No change in Gartner backup and recovery MQ – and that’s a problem, according to Rubrik and Arcserve

The big news is that there are no significant changes in the Gartner 2019 Data Centre Backup and Recovery Magic Quadrant compared to the 2017 edition, and that angers Arcserve and Rubrik because think they deserve higher positions.

They have gone public with their disappointment, dismay and displeasure.

The 2019 MQ:

There is a Gartner MQ Explainer at the end of the article.

The scheduled 2018 edition had to be cancelled because most of the analyst team was recruited by Rubrik. This caused a delay until a May 2019 issue date, which was pushed because Rubrik complained and caused a further delay due to a review of its submission and status.

So here we are and no supplier present in the 2017 edition has improved their position enough to cross into a better box in the MQ,

Commvault is the top supplier and has been for 8 years. Veritas is in the Leaders’ quadrant and has been for 14 years. Other Leaders’ quadrant suppliers are Dell EMC, IBM and Veeam, and all three were present in the 2017 edition.

 

There are no challengers and four niche players; previous entrants Arcserve, Unitrends and  newcomers MicroFocus and Acronis. HPE, a 2017 player here, has been ejected.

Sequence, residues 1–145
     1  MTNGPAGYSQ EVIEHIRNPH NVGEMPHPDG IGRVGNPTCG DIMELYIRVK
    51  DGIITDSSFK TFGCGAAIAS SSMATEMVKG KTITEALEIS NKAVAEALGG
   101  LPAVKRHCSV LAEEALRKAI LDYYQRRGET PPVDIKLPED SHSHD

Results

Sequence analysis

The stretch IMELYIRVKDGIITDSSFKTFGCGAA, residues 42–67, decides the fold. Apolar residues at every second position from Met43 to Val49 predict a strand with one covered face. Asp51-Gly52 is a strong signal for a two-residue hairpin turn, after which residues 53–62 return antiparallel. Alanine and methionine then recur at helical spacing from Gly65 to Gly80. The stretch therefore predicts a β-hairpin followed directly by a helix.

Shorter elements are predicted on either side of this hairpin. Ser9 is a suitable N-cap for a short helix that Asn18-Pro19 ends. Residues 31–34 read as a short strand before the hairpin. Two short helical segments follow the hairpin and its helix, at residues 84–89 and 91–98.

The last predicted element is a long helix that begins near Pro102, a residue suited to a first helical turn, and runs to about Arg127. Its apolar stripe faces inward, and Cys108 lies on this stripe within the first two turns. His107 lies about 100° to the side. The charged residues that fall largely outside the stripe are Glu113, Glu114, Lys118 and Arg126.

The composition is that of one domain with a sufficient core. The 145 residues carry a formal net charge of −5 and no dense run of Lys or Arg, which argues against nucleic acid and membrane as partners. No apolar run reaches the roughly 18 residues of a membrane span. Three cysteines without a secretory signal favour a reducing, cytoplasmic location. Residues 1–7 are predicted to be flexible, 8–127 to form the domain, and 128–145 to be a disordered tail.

MicroFocus was added because it bought HPE’s Data Protector product; which was why HPE was dropped.

There are three Visionaries, newby Cohesity and two suppliers from 2017; Actifio and Rubrik. Although Rubrik was ajudged by the Garner analysts to have significantly improved its execution ability it was not by enough to take it over the border into the Leaders’ quadrant, hence its irritation.

Arcserve was rated with both a lower execution ability than in 2017, despite it having increased its sales relative to other suppliers and made organisational changes to increase its execution ability. It is not a challenger and, like Rubrik, made an appeal to Gartner’s ombudsman, and, also like Rubrik, effectively got nowhere.

Gartner counsels MQ readers to read a Critical Capabilities document and not make snap decisions based merely on MQ placements.

Note. Here’s a standard MQ explainer: the “magic quadrant” is defined by axes labelled “ability to execute” and “completeness of vision”, and split into four squares tagged “visionaries”, “niche players”, “challengers” and “leaders”.

- Advertisement -